Paying it forward to the next generation

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Today’s blog is written by Kate Cooper, Schubert Club’s Director of Education and Museum. 

It is a joy and an honor to manage Schubert Club’s Education programs which nurture and support the dreams, ambitions, and emerging talents of music students across the five-state area.

Schubert Club generously provides scholarships and grants through three programs, including the annual Bruce P. Carlson Student Scholarship program—originating in 1922. In that year, three winners, representing Voice, Violin, and Piano, each received $150. In 2018 approximately 220 students will participate in fourteen different categories, representing Strings, Piano, Voice, Brass, Woodwinds, Guitar, and Organ. Schubert Club will award $2000 and $1500 prizes to first and second place winners in every category—which includes aspiring artists from age 12 to 30.

Many student competitors have truly been “musicians on the rise,” achieving significant musical and other career accomplishments. Pianist Celius Dougherty, guitarist Sharon Isbin, television commentator Gretchen Carlson, and this season’s International Artist Series vocal star Clara Osowski are a few examples of our winners’ post-competition success.

Competitions like ours afford students a chance to test their skills, network with fellow musicians, and discover how they measure up to their peers. It asks them to rise to a sense of occasion and push themselves to achieve more. Competition motivates a student to strive for accuracy, intonation, and musical interpretation in a more detailed way than for a concert. Also, students receive comments from expert musicians in their specific instrument category—contributing to their musical growth.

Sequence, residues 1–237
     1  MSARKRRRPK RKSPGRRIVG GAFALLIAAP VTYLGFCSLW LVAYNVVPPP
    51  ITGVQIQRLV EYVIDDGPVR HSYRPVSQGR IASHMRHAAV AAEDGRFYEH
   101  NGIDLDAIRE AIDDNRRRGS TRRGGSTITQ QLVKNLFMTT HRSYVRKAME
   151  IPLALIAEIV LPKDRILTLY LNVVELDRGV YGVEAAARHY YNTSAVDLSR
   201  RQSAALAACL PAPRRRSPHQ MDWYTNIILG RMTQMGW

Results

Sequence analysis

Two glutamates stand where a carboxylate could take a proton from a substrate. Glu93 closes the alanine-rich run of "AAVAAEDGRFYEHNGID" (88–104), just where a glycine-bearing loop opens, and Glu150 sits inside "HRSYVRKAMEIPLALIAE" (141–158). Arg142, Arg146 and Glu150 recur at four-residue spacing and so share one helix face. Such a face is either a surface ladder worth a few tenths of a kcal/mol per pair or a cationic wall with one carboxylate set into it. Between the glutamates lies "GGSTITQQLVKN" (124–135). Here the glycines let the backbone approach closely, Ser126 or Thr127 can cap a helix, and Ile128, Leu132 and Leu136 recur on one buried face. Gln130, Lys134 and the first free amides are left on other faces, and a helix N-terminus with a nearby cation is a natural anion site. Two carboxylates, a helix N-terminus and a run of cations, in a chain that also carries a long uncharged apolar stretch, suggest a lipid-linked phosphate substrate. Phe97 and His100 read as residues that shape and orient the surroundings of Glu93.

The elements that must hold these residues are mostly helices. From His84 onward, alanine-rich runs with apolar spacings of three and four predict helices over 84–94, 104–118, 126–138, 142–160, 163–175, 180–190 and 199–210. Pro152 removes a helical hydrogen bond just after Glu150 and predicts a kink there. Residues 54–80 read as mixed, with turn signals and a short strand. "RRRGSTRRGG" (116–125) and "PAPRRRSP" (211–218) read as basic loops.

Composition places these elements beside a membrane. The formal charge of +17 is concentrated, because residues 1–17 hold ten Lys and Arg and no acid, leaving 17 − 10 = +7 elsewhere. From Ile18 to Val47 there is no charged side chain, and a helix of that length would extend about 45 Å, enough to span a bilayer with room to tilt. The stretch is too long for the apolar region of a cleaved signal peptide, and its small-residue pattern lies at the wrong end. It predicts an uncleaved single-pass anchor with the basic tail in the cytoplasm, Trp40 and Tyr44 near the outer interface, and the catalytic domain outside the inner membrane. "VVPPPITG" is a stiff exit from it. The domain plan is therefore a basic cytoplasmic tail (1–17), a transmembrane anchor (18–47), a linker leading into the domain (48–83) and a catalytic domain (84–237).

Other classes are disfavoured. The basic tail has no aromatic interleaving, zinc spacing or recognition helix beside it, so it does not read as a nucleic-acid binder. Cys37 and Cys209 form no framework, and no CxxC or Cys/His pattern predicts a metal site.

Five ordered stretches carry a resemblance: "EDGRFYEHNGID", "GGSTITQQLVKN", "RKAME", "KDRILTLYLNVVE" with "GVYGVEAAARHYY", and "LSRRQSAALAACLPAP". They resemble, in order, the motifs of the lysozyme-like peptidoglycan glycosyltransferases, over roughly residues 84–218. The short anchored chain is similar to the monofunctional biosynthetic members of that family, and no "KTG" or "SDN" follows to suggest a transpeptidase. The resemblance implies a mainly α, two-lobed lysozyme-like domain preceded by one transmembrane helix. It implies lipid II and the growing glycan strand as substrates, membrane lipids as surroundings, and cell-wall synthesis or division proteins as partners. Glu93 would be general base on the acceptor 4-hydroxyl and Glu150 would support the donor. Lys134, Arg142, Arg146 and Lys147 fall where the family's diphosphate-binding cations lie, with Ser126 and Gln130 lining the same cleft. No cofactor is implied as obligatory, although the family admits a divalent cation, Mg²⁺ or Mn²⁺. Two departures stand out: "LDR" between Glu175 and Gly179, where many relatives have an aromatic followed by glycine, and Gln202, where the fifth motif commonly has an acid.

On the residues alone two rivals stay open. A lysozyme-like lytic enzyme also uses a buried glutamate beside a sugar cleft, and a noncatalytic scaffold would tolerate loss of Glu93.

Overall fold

Students who do not receive monetary awards through the scholarship competition have another opportunity for support through the Schubert Club’s Special Music Grants program. Each year Schubert Club offers grants averaging $500 each to serious, talented music students in need of financial assistance for music education projects such as summer camps, workshops, and other unique and innovative projects which further musical creativity and development. One of the unique projects from last season was developed by a university student as a service mission in Tanzania, Africa. The grant recipient not only gave her time as a volunteer clarinet teacher in the village schools, she also advocated for—and planted— African Blackwood trees (which clarinets are made from) in this ideal climate.